Emmanuel Abbé, Saeid Haghighatshoar

In this paper, we show that the Hadamard matrix acts as an extractor over the reals of the Renyi Information Dimension (RID), in an analogous way to how it acts as an extractor of the discrete entropy over finite fields. More precisely, we prove that the RID of an i.i.d. sequence of mixture random variables polarizes to the extremal values of 0 and 1 (corresponding to discrete and continuous distributions) when transformed by a Hadamard matrix. Furthermore, we prove that the polarization pattern of the RID admits a closed form expression and follows exactly the Binary Erasure Channel (BEC) polarization pattern in the discrete setting. We discuss the applications of the RID polarization to Compressed Sensing of i.i.d. sources. In particular, we use the RID polarization to construct a family of deterministic +/- 1-valued sensing matrices for Compressed Sensing. We run numerical simulations to compare the performance of the resulting matrices with that of the random Gaussian and the random Hadamard matrices. The results indicate that the proposed matrices aftbrd competitive performances, while being explicitly constructed.

Hervé Bourlard, Volkan Cevher, Afsaneh Asaei, Mohammadjavad Taghizadeh, Saeid Haghighatshoar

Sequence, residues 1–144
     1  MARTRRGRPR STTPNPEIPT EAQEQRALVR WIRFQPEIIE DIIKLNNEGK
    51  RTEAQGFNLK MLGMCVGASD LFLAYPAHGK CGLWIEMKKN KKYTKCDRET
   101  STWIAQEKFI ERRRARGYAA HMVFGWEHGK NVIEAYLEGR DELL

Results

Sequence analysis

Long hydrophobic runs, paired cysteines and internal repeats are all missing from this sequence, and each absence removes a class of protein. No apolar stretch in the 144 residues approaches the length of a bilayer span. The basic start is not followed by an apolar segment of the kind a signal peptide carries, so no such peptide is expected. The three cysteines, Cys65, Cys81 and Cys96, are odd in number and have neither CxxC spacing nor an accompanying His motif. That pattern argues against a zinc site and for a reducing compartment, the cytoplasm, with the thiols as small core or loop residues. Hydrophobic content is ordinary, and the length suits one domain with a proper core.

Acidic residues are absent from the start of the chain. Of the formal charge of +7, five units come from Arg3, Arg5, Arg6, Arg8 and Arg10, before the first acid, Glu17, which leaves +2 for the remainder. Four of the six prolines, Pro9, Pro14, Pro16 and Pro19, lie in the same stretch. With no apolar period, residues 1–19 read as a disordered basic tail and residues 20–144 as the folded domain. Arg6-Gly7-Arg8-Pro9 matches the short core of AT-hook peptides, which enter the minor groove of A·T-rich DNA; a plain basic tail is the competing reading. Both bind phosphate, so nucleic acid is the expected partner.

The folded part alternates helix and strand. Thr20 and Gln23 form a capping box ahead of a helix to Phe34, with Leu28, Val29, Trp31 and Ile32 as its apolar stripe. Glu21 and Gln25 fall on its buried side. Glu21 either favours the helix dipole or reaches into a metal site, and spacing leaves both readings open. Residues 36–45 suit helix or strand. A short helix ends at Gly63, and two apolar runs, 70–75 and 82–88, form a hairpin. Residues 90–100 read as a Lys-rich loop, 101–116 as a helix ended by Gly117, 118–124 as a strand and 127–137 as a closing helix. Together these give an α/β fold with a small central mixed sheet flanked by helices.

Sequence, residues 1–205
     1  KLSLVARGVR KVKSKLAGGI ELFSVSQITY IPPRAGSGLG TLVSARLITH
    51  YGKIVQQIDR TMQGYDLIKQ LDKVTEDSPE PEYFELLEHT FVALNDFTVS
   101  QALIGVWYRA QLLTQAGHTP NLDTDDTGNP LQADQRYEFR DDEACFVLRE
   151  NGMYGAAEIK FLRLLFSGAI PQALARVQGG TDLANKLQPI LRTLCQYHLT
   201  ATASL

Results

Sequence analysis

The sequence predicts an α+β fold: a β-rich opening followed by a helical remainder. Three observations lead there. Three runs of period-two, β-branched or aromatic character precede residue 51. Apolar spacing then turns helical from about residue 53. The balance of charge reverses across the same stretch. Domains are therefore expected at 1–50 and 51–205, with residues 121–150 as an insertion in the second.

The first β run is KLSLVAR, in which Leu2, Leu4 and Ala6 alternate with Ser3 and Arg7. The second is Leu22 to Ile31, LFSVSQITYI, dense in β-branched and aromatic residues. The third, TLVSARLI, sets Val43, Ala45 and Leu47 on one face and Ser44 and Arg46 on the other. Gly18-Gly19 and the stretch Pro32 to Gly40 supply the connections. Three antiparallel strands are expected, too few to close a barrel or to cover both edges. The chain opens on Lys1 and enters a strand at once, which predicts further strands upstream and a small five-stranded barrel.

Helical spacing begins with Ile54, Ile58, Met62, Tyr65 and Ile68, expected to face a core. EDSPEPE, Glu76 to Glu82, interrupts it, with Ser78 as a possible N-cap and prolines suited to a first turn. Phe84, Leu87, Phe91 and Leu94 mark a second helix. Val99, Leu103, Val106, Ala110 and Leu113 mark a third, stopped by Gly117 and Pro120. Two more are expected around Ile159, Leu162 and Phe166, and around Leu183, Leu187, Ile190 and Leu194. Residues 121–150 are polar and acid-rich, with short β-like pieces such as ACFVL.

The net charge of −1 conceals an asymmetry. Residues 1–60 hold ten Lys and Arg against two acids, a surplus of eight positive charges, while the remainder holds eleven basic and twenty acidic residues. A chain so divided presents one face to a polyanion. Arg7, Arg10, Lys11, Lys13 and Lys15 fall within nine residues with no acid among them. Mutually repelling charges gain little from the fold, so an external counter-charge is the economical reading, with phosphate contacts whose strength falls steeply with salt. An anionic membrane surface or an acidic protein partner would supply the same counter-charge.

We propose a sparse coding approach to address the problem of source-sensor localization and speech reconstruction. This approach relies on designing a dictionary of spatialized signals by projecting the microphone array recordings into the array manifolds characterized for different locations in a reverberant enclosure using the image model. Sparse representation over this dictionary enables identifying the subspace of the actual recordings and its correspondence to the source and sensor locations. The speech signal is reconstructed by inverse filtering the acoustic channels associated to the array manifolds. We provide rigorous analysis on the optimality of speech reconstruction by elucidating the links between inverse filtering and source separation followed by deconvolution. This procedure is evaluated for localization, reconstruction and recognition of simultaneous speech sources using real data recordings. The results demonstrate the effectiveness of the proposed approach and compare favorably against beamforming and independent component analysis techniques.